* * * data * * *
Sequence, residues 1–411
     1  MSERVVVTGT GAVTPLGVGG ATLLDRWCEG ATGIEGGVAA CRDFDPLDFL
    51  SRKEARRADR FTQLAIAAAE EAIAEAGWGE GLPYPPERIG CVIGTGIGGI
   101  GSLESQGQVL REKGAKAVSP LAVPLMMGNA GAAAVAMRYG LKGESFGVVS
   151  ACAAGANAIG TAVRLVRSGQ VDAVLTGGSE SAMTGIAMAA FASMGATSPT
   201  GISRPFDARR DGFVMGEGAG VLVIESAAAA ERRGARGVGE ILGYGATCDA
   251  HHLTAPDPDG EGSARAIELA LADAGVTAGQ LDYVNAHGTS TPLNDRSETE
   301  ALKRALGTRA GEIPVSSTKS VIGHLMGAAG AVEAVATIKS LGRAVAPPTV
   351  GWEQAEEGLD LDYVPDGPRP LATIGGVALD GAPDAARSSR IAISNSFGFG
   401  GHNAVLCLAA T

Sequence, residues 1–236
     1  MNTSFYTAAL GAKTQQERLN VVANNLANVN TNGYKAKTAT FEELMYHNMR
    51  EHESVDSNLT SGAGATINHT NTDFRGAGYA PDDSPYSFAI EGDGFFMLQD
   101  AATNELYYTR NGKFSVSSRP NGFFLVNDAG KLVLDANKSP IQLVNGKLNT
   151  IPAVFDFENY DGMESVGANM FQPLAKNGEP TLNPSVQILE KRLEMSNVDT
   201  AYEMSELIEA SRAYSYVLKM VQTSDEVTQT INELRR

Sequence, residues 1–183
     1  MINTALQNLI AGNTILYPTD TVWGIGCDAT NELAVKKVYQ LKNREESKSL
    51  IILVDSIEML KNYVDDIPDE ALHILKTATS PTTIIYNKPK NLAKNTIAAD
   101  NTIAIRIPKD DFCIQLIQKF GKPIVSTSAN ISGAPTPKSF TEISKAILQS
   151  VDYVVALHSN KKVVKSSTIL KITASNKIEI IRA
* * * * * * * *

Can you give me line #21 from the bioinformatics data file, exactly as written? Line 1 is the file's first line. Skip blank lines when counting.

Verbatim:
   151  VDYVVALHSN KKVVKSSTIL KITASNKIEI IRA